If you are wondering how to improve your credit score, then there are some habits that you need to adopt to build your credit history and improve your credit score. These habits aren’t difficult to implement and they will pay dividends in the long run as your credit score improves over time. To start building good credit, be sure to consider the following 6 simple habits that build good credit scores.
1:Have a Budget
You may have heard that you should budget your money to build good credit, but what exactly does that mean? It means knowing how much money you make and how much you need to spend every month. Write down all of your expenses and stick to them. If you find yourself struggling to make ends meet or save any extra money at all, re-evaluate whether your spending habits are realistic. Make sure you’re paying yourself first so that if anything happens, like an emergency or unforeseen expense, you’ll still have enough money for living expenses. One way to do that is by setting up automatic transfers into a savings account each month. Remember: The point of creating a budget is not just to write down numbers; it’s also about sticking to it!
2: Negotiate your Credit Card Interest Rate
If you’re paying sky-high interest rates on a credit card, consider calling your bank and asking for a lower rate. Most of us live by the rule of thumb when it comes to credit cards—we charge $500 and pay off $50 each month. But there are better ways to manage debt. Here are three tactics that will help you improve your credit score in short order: 1) Pay more than your minimum balance: Your payment history is one factor in calculating your credit score, so if you pay less than your minimum payment each month, it can hurt your score. Aim for at least double your monthly minimum, but even just adding $10 per month to make sure you’re always making at least some payment can have an impact over time. 2) Keep balances low: The amount of credit you’re using compared with how much credit you have available plays a role in determining your credit score. When too much credit is being used, lenders assume a greater risk of default and increase fees or reduce limits – neither of which is good for your overall financial health.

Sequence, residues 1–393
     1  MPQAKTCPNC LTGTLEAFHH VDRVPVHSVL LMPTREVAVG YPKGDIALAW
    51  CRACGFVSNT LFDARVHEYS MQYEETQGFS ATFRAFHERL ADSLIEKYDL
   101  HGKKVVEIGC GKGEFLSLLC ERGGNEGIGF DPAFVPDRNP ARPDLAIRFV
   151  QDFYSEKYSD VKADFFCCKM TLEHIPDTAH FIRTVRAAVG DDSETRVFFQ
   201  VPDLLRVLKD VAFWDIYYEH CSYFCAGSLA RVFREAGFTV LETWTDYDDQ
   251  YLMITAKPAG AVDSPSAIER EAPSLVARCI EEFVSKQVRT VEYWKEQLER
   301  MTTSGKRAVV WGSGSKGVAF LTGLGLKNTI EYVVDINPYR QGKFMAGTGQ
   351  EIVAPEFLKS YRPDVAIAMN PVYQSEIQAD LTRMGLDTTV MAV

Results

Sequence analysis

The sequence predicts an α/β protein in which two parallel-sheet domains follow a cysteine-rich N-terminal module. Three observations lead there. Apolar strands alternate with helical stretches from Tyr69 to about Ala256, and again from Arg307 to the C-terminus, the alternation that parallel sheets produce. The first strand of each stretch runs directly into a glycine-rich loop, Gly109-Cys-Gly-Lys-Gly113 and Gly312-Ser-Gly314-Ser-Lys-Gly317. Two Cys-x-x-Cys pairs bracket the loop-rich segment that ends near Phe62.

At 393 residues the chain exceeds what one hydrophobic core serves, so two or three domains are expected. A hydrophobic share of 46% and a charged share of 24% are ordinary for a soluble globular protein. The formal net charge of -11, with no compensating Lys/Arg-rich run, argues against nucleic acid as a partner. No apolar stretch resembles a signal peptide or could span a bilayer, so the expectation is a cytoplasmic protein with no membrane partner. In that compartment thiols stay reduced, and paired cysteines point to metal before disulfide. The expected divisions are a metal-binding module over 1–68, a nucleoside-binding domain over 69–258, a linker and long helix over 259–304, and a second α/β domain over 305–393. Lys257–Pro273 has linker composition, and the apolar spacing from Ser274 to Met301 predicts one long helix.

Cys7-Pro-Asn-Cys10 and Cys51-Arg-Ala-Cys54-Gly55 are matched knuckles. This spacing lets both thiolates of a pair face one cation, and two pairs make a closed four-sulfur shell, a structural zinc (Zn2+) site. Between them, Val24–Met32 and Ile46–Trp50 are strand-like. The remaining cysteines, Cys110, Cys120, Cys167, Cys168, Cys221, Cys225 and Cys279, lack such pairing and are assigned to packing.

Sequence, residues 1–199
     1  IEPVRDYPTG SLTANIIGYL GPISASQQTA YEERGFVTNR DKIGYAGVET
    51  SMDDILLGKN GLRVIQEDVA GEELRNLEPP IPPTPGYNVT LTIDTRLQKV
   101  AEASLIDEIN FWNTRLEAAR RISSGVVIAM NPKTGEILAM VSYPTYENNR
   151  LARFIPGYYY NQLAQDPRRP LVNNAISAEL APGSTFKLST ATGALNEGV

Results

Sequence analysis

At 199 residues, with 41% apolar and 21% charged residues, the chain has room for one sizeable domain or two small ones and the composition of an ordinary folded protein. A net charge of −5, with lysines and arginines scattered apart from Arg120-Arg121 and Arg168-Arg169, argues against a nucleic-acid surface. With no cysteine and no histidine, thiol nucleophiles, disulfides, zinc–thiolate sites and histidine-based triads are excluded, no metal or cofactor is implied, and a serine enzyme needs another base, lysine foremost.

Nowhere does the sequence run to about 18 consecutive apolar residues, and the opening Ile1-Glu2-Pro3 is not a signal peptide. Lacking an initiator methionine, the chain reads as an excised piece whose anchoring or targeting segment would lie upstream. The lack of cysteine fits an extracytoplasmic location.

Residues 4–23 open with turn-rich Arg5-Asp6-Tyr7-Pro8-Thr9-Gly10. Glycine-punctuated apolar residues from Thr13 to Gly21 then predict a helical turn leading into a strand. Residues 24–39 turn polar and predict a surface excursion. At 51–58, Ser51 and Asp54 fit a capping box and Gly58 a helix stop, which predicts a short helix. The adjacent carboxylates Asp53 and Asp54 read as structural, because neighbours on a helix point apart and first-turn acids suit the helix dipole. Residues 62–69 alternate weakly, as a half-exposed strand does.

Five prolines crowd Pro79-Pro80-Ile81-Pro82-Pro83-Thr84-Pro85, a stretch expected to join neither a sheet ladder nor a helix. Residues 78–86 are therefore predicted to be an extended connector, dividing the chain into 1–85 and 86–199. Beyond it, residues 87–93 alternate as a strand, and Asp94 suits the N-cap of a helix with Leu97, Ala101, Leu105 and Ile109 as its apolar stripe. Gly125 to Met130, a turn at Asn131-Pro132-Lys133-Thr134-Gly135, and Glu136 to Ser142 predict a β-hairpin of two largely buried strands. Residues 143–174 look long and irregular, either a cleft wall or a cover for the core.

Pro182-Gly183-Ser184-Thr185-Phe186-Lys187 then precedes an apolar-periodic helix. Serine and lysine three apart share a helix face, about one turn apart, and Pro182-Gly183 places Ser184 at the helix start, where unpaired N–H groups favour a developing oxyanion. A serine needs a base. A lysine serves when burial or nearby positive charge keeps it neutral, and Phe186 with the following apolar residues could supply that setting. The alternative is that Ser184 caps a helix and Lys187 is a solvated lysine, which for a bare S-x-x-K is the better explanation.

3: Keep Debt Low
One of the simplest ways to improve your credit score is to keep your debt low. The less debt you have, especially on a revolving line of credit, like a credit card, the better. And that means paying off high-interest loans and debt as soon as possible. A lower debt-to-credit ratio (aka debt-to-limit ratio) will help improve your credit score over time because it tells creditors you’re more likely to repay them. The less debt you have, regardless of its interest rate, will always be beneficial to improving your score. Also, make sure you pay any bills on time; if there are late payments in your credit history, make sure they are current before attempting to repair or build up your credit. To track which bills need to be paid when setting up reminders using tools like Due and Wunderlist or get an app for tracking all household bills such as those found in MoneyHub’s App Directory. If you have any late payments in your past, consider paying those accounts first so that when lenders do look at what’s called a credit report snapshot (as opposed to a full report), they can see that all outstanding debts are being responsibly handled by you.
4: Don’t Spend What You Don’t Have
This may seem obvious, but if you’re not spending what you don’t have, you can’t go into debt. If you want to build good credit and improve your credit score, it all starts with limiting your spending to what you have in your account. A recent study found that credit card users who carry a balance accrue $4.5 billion worth of debt each year—that’s $1 billion more than 10 years ago! Don’t let that happen to you by living within your means and paying down any outstanding debts each month. Live frugally until your balance is zeroed out—and then keep it there.
5: Know Your Score
A great place to start with improving your credit score is to understand what goes into calculating it. Your credit score is calculated based on 5 key factors. The most important one is your payment history, which counts for 35% of your overall score. This includes things like paying on time, how much you owe, and how long you’ve been using a given line of credit (e.g., revolving credit versus installment). One good habit that can help improve payment history? Paying more than your minimum balance due (use our quick tool to find out what yours is) can significantly boost your score over time. Second in importance—accounting for 30% of your score—is amounts owed, meaning balances and limits across all accounts.
6: Start Saving and Investing Today
The most important thing you can do to improve your credit score is also one of the simplest: Start saving and investing today. The more money you put away in a savings account, 401(k), or IRA, and then let compound over time (through investment returns) with regular contributions, increases your net worth. And increasing your net worth is one of the major ways to improve your credit score. Whether it’s through a traditional retirement account like a 401(k) or an employer-sponsored matching program, or through something like an individual retirement account (IRA), make sure you’re putting enough money aside so that every paycheck goes toward at least one of these savings vehicles.